I recently came across the results of the 2017 study on organizational culture by Gartner. They researched how best to create a company culture that performs and drives ongoing business performance. It was an interesting read and I’d like to share the highlights with you.
Gartner found that only 31% of HR leaders agree their organizations have the necessary culture to drive future business performance. Despite the fact that 80% of organizations currently actively manage culture.
Three key gaps around company culture
Their analysis revealed companies face three issues when trying to get employees to demonstrate the needed culture.
- Knowledge gap: employees lack awareness of the culture the organization needs (69% of organizations)
- Mind-set gap: employees do not believe in the culture the organization needs or don’t believe culture matters (87% of organizations)
- Behaviour gap: employees do not engage in behaviours related to the culture the organization needs (90% of organizations)
They also found that closing one gap does not close all three. Only improving all three simultaneously had impact. Which is logical because you want employees to know it, believe it and do it!
Three common challenges
Gartner found the combination of knowledge, mind-set and behaviour to be powerful. Organizations with alignment between these factors achieve higher performance against revenue goals and hiring/retention targets, increased employee performance, and more positive public reputations.
A further analysis revealed three common challenges, each of which affects knowledge, mind-set, and behaviour:
- Few organizations really understand their culture.
- Leaders aren’t driving the culture.
- Employees can’t operationalize the culture.
To understand culture, use an employee-led diagnosis
Typically companies do a periodic – often yearly or once every two years – survey on culture satisfaction and HR or business leader interpretation. But this approach falls short due to a too narrow focus on satisfaction, outdated information and easily misinterpreted data.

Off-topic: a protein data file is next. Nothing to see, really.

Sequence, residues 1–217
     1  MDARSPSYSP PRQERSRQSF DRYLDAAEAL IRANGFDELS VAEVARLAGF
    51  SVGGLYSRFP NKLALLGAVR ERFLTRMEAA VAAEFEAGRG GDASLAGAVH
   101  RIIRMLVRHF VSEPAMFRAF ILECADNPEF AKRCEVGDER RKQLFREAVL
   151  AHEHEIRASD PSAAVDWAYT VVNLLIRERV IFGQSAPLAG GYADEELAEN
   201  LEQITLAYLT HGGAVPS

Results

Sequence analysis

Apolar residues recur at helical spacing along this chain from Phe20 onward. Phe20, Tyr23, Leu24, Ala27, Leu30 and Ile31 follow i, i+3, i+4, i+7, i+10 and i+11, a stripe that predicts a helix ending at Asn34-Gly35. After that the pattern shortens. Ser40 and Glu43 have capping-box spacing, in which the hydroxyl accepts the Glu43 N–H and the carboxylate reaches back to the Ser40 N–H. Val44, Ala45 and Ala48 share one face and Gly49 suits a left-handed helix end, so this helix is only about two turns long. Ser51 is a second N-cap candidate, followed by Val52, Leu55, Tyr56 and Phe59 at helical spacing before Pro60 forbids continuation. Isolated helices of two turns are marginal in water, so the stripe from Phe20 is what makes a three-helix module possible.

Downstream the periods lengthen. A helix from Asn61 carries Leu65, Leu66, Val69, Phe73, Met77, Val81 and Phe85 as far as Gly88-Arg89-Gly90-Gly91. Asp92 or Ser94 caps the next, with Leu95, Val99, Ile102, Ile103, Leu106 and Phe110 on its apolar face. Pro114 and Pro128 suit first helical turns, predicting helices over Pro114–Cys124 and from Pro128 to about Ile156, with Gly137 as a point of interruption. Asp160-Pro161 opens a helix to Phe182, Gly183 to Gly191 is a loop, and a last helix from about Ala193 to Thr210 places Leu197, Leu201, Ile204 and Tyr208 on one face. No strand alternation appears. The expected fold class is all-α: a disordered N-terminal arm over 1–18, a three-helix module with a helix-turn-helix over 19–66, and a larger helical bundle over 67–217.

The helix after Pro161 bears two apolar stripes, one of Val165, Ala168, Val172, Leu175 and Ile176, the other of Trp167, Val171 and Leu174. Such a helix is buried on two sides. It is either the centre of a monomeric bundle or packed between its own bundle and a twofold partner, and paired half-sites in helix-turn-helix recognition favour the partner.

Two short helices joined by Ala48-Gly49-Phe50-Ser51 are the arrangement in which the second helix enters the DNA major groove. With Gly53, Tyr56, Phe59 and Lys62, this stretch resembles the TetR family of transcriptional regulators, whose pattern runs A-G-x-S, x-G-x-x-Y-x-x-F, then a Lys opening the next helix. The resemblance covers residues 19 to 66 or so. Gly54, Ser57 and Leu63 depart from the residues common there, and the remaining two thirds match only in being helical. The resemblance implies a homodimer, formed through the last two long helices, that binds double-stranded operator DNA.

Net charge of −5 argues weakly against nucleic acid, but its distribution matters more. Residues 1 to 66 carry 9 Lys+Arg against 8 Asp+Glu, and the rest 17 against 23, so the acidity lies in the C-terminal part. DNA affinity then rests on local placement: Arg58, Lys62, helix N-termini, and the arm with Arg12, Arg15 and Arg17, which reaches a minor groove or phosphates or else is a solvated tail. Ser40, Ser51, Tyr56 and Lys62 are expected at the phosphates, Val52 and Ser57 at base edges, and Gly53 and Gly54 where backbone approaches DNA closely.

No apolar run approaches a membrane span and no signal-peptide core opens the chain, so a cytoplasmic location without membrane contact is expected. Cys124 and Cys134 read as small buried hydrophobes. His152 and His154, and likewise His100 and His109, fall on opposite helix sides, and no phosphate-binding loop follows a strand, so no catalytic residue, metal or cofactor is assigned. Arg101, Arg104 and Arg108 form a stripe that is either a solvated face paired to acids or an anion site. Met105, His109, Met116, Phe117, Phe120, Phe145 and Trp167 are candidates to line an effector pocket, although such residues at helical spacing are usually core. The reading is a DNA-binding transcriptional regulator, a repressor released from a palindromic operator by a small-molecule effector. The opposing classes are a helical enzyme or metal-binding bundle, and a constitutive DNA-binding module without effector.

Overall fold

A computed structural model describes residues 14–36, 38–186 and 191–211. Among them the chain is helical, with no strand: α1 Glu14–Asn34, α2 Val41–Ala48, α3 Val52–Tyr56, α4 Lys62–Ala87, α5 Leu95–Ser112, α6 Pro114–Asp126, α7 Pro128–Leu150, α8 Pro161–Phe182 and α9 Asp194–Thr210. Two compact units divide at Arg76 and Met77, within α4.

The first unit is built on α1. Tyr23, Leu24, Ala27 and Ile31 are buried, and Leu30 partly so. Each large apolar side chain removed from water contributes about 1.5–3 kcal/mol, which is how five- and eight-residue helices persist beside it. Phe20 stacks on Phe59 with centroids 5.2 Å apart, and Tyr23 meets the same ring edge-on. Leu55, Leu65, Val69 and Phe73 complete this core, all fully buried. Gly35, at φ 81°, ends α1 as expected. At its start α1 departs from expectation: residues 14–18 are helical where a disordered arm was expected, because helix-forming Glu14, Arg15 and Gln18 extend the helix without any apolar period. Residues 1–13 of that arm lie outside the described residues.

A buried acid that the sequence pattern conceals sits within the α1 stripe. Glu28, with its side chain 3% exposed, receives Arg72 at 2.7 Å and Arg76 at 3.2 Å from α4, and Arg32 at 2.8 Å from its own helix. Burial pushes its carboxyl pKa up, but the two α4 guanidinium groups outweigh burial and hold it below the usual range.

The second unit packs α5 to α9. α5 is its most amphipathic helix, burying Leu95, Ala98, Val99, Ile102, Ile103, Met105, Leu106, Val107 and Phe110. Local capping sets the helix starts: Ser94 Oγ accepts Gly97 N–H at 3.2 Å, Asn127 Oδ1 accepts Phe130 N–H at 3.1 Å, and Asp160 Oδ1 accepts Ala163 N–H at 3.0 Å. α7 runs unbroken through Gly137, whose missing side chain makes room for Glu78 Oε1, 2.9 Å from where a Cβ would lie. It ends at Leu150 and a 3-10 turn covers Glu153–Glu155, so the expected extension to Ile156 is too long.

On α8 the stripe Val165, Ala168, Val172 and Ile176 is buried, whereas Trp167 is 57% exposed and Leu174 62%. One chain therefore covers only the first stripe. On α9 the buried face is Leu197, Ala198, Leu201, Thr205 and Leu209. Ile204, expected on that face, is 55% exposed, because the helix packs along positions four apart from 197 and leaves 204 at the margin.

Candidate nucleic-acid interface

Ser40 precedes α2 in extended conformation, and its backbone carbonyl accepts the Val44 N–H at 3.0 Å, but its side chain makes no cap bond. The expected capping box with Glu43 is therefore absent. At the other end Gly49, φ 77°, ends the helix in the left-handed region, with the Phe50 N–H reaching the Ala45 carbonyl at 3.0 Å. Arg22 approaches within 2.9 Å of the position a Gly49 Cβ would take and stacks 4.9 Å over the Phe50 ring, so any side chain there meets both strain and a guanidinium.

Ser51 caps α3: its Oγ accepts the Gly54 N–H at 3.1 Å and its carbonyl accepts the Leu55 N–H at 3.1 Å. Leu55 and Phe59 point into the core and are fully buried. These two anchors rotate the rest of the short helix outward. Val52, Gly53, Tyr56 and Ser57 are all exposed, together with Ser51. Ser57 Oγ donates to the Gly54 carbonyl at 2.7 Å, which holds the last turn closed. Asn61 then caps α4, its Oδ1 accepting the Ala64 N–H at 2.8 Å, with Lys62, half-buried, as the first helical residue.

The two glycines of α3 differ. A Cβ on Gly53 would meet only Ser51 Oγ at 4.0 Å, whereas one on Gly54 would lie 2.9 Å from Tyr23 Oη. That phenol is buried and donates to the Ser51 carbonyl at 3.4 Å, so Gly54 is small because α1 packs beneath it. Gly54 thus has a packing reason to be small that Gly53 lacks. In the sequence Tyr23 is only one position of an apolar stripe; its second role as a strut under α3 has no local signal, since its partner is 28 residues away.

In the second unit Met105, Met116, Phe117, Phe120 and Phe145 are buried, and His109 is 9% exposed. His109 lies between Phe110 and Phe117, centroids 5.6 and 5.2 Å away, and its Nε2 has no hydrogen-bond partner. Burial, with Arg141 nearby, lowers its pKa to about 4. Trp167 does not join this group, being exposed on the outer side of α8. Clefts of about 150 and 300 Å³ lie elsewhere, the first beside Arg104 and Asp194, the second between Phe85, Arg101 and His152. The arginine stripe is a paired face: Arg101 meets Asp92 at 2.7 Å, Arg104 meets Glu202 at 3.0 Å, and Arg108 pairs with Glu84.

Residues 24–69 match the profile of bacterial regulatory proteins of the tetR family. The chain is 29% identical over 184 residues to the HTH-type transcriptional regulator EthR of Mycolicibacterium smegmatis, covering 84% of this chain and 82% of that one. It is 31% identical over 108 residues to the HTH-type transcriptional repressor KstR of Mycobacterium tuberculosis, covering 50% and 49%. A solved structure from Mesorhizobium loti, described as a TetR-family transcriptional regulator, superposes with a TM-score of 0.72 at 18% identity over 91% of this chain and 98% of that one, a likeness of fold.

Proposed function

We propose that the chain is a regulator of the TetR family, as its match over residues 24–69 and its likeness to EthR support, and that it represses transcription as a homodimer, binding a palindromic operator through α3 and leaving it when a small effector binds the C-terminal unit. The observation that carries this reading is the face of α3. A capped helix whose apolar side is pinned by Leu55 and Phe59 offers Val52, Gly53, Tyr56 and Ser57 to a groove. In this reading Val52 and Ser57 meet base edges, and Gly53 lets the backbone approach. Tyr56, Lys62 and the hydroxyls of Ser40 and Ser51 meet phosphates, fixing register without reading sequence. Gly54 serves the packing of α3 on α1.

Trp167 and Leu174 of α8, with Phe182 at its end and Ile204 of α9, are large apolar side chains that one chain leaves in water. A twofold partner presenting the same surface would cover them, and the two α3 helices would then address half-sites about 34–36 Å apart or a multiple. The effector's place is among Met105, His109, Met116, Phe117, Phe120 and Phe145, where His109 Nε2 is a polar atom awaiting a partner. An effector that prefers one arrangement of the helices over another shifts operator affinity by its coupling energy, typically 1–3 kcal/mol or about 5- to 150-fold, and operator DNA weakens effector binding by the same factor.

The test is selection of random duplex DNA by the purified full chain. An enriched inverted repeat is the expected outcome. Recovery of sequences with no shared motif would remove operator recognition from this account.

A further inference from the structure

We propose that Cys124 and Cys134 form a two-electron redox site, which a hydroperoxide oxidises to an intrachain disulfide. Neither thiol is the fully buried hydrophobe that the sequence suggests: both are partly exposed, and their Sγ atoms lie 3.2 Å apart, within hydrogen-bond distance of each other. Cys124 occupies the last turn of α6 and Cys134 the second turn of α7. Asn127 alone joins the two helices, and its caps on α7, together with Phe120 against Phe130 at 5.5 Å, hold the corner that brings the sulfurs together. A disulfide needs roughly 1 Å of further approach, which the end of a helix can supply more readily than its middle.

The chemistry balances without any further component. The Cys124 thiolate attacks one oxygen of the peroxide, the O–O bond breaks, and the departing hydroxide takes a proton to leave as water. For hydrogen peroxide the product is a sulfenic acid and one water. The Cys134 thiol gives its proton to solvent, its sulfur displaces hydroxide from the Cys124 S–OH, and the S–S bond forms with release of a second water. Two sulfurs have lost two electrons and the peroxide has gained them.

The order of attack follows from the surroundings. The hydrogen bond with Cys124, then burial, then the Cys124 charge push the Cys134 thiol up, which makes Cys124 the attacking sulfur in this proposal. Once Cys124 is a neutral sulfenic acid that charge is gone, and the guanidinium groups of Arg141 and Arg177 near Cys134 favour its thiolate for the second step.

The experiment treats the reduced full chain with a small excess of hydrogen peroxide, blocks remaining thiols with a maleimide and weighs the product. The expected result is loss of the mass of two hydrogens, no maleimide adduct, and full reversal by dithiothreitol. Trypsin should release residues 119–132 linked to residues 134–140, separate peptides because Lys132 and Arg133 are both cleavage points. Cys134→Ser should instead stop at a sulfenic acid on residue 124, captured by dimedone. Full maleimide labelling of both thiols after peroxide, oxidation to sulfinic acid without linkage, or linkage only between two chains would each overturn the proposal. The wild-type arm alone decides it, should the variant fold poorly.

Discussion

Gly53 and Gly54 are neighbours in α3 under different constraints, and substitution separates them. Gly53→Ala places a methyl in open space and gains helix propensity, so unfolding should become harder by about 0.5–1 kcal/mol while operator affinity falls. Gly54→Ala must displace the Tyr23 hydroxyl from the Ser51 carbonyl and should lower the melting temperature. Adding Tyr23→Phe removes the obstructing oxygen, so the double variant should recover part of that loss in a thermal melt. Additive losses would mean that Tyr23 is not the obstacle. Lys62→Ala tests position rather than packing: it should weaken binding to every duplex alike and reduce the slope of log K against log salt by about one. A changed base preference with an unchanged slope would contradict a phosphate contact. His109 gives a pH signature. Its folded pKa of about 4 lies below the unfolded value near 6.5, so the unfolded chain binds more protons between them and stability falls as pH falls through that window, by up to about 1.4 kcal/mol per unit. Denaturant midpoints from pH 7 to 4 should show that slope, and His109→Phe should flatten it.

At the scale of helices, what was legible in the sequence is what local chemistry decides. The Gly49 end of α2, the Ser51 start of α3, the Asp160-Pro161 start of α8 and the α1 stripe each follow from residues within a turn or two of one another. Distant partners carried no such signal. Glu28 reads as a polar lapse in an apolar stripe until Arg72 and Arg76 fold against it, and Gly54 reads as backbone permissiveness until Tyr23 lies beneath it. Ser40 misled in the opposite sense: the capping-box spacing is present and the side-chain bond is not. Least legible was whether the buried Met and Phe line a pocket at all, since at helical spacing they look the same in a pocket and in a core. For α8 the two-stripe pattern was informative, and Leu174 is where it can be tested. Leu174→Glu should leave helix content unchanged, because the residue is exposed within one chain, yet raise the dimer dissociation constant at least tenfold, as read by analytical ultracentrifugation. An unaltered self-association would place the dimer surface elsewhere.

To address these limitations, the best organizations are shifting to employee-led culture diagnosis by monitoring how employees experience the culture and involving employees directly in interpreting culture input.
One organization shared that they moved from measuring culture once a year to asking employees daily culture questions as they logged into their workstations. The results are available to managers in real time as long as four people on their teams participate on a given day. Leaders then have the autonomy to decide how they will use the daily feedback, but based on Gartner’s research, they will now consider empowering employees to be the ones who take action.
Make leaders drive culture by role modeling
The research identified three key elements of effective leader role modeling:
1. Say: what leaders communicate about culture (1% impact)
2. Behave: how leaders personally demonstrate the culture (5% impact)
3. Operate: how leaders manage business operations (e.g., budgets, processes, policies) in line with the culture (18% impact)
The addition of the “operate” element, which goes beyond simply focusing on what leaders say and do, reveals why so few organizations see desired results from their investments in leader role modeling.
78% of organizations rely on leader role modeling as a key component of their culture strategies
Equip employees to apply culture in their day-to-day work
Finally, organizations must help employees operationalize the culture day to day. We know organizations invest in a high volume and variety of culture communication, but that investment has failed to remove two employee-cited barriers to living the culture day to day:
- Translation barrier: employees struggle to translate the culture into the specific context of their day-to-day role.
- Tensions barrier: employees frequently encounter cultural tensions they don’t know how to address.
Unsurprisingly, the number of employees who struggle with each of these barriers increases significantly as you move deeper into lower levels of organizations. If communication efforts haven’t addressed these challenges, what will?
The best organizations remove the translation barrier by moving ownership of context-specific
translation to employees themselves. An ideal way to accomplish this is to use a peer recognition system that empowers all employees to share examples of how to live the values and show appreciation for doing so.
Removing the tensions barrier does not necessarily mean removing tensions but rather ensuring employees are equipped to manage tensions they encounter in their work. Organizations can ensure employees are equipped to do so by providing training. This way you can help employees deal with a typical tension like for instance between quality and speed of work.
Do you want more tips on how to make your culture transformation succeed? Then be sure to read Culture transformation: 11 Lessons learned from 11 top consultancies.
Helping HR & Management to boost company culture & engagement